L-R: Kevin Sherrin, Distribution manager of Roar Beverages (seated front),...

L-R: Kevin Sherrin, Distribution manager of Roar Beverages (seated front), Roly Nesi, CEO (top) and J.P. Sherlock, CFO in the warehouse with pallets of their product, June 9, 2015. Credit: Newsday / Audrey C. Tiernan

Huntington-based Roar Beverages has reached an agreement with retail giant Target Corp. to test-market Roar's sports drinks in 85 Target stores throughout the Northeast starting next month.

The agreement is the first Roar has cemented with a national retail chain for markets outside New York State. The test will run for three months, and if it's successful, Target will roll out Roar to 900 Target stores nationwide, according to a spokesman for Roar. The drinks are sold now in 1,500 retail outlets in the New York metro area and Vermont.

Launched in May 2012 by Roly Nesi, 31, a Cold Spring Harbor native who is now Roar CEO, the company has grown rapidly. Last year it shipped 350,000 bottles of its coconut-water-based sports drinks to retail outlets and schools. This year Nesi said he expects to ship 1 million units by adding chain-store deals, growing sales at existing outlets and increasing product offerings.

Breaking into the U.S. sports drink market is no easy task. The $6 billion market is dominated by Gatorade, which is owned by PepsiCo, and Powerade, Coca-Cola's offering. Together the two brands account for almost 100 percent of total sales, according to IRI, a Chicago market research firm.

"It's very tough for any new brand to get widespread traction," said Jeff Klineman of BevNet, a Boston company that covers the beverage and food markets. And sports drink manufacturers are seeing increased competition from energy drinks and enhanced waters.

"A lot of brands are using coconut water to try to create the next-generation sports drink," Klineman said. Water from coconuts contains elevated levels of electrolytes such as sodium that are lost through sweat.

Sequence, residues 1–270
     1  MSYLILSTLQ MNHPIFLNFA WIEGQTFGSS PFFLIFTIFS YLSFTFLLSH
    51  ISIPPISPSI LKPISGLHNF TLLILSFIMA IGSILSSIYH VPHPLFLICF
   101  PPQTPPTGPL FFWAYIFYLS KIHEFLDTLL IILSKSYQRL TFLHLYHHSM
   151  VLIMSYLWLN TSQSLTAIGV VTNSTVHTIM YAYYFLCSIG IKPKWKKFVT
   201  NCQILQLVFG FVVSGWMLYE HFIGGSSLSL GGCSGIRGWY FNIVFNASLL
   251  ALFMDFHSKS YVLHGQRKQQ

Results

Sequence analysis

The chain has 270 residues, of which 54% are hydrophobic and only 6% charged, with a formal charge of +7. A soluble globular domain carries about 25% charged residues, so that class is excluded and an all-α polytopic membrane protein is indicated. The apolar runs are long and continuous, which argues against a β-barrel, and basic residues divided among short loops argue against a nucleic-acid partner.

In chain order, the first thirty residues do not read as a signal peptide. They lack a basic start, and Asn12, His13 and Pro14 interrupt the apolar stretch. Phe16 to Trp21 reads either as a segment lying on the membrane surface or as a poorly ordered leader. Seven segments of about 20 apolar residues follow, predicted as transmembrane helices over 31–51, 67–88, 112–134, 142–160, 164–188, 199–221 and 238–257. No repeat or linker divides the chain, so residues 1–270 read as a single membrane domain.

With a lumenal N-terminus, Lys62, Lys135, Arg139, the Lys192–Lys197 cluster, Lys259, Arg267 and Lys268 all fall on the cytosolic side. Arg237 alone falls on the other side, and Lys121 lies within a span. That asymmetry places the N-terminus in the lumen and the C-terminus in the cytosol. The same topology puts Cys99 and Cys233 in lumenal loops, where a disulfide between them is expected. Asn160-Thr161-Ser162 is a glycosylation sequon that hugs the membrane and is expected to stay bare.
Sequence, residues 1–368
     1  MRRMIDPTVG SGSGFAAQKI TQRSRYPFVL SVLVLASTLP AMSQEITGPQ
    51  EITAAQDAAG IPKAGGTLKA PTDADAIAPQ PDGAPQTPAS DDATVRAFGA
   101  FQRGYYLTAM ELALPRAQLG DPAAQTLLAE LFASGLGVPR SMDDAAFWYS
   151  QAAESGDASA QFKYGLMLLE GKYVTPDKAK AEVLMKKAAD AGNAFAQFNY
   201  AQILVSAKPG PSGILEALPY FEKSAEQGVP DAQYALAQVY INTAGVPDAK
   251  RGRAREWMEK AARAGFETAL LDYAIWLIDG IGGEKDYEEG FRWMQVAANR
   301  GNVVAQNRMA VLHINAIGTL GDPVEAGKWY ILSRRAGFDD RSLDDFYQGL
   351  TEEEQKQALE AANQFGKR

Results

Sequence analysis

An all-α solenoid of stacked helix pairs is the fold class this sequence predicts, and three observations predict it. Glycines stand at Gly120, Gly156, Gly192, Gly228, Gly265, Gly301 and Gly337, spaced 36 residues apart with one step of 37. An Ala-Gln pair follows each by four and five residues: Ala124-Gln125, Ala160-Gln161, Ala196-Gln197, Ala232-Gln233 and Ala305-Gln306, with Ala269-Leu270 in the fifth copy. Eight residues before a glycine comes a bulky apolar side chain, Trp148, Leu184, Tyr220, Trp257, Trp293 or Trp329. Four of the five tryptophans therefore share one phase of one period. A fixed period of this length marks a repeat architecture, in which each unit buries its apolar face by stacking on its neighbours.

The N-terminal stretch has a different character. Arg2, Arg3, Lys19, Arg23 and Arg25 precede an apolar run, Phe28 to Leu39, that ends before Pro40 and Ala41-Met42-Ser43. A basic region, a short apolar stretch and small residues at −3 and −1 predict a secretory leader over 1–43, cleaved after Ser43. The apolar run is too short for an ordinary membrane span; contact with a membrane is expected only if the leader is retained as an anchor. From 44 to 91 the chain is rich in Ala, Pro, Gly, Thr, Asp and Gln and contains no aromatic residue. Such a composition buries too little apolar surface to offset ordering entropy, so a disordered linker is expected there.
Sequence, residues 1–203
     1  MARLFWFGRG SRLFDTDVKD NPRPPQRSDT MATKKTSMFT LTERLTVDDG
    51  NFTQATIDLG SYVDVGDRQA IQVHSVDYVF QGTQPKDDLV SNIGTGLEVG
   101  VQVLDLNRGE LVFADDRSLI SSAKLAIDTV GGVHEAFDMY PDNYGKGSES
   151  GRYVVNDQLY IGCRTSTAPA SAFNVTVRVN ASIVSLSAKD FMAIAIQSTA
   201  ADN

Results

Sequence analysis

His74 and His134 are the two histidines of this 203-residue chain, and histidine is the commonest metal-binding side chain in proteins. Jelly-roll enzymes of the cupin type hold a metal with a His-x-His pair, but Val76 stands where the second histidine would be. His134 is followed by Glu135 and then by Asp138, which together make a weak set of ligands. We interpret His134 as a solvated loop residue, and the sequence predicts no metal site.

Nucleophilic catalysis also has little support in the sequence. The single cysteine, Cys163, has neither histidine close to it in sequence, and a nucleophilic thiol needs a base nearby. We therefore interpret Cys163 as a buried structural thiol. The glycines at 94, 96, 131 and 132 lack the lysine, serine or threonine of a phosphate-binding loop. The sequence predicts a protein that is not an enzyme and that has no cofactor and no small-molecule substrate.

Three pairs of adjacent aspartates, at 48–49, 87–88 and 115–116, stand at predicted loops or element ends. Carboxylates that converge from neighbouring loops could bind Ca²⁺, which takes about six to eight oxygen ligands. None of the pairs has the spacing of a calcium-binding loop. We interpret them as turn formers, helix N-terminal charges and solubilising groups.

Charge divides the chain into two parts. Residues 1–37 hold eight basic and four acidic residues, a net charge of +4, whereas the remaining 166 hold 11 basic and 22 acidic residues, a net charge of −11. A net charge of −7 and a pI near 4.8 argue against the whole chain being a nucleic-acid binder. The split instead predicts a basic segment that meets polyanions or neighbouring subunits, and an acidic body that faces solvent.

Roar Beverages is trolling those waters. "Our goal is to bridge the gap between energy drinks and sports drinks," Nesi said. The company markets its drinks as a healthy alternative to high-sugar sports drinks. Coconut water is low in sugar compared to fruit juice.

The company also adds B vitamins that it says promote energy, and its packaging is designed to look like an energy drink's with bold colors and a prominent lightning bolt. But while many energy drinks contain caffeine, Roar has none.

Making local inroads

The 20-ounce drinks, which come in seven flavors including Fruit Slam (fruit punch), Green Rush (lemon-lime) and Patriot Punch (cherry/blue raspberry/lemonade), are manufactured by Lidestri Foods in Pennsauken, New Jersey. The suggested retail price is $1.69 per bottle.

Nesi credits Roar's success at breaking into the market to acceptance of the product by its target demographic: 8- to 18-year-olds. The product is designed to be a "cool," "young" alternative to their parents' sports drinks.

Key to gaining traction has been grassroots marketing in which Roar has sponsored about 100 youth athletic programs in the metro area. These sponsorships have included providing teams with sports jerseys and free cases of Roar during games, as well as free drinks they can use for fundraising.

"The key is not getting the product on the shelf, but getting products into the hands of customers, who then go to the stores and ask for it," Nesi said. Among the company's key retail outlets are grocery chains such as King Kullen and Fairway, youth-oriented sports facilities such as Baseball Heaven in Yaphank and The Sports Hub in Syosset, and convenience stores such as 7-Eleven.

Expanding in schools

Schools have been another successful avenue for sales. In October Roar came out with a drink that meets new USDA Smart Snacks nutritional standards. Roar Lite, with 60 calories in a 12-ounce bottle, is one of the few sports drinks that meets the new guidelines, the company said. Currently, Roar Lite is available in 350 schools in 10 states. This fall that number will grow to 1,000 schools in 15 states, Roar officials said. "This is really big for us in terms of both revenue generation and building brand awareness," Nesi said.

BevNet's Klineman noted there are plenty of coconut-water sports drink companies clamoring for market attention. One of the best financed has been BodyArmor, which grew sales 148 percent to $22 million last year, according to IRI. "If coconut water/hybrid drinks like BodyArmor take off, there will be room for other companies such as Roar in its wake," said Klineman. "But they still face stiff competition," he said.

Nesi is confident Roar can hold its own. "We have proven we can outsell other products in the most competitive market in the country -- New York," he said. "I'm confident we'll continue to grow."

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